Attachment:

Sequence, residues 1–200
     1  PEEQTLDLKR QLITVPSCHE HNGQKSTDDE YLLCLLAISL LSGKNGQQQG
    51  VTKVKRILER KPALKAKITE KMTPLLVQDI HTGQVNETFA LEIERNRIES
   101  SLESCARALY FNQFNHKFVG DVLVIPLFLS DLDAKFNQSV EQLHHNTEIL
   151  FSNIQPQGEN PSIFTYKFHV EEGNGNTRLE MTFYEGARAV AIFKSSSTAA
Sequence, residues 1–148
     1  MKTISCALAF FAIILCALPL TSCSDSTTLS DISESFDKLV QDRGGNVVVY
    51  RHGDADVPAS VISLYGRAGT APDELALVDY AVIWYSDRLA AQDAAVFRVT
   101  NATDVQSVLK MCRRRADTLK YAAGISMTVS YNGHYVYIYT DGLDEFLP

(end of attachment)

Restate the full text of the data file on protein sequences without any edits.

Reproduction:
Sequence, residues 1–200
     1  PEEQTLDLKR QLITVPSCHE HNGQKSTDDE YLLCLLAISL LSGKNGQQQG
    51  VTKVKRILER KPALKAKITE KMTPLLVQDI HTGQVNETFA LEIERNRIES
   101  SLESCARALY FNQFNHKFVG DVLVIPLFLS DLDAKFNQSV EQLHHNTEIL
   151  FSNIQPQGEN PSIFTYKFHV EEGNGNTRLE MTFYEGARAV AIFKSSSTAA
Sequence, residues 1–148
     1  MKTISCALAF FAIILCALPL TSCSDSTTLS DISESFDKLV QDRGGNVVVY
    51  RHGDADVPAS VISLYGRAGT APDELALVDY AVIWYSDRLA AQDAAVFRVT
   101  NATDVQSVLK MCRRRADTLK YAAGISMTVS YNGHYVYIYT DGLDEFLP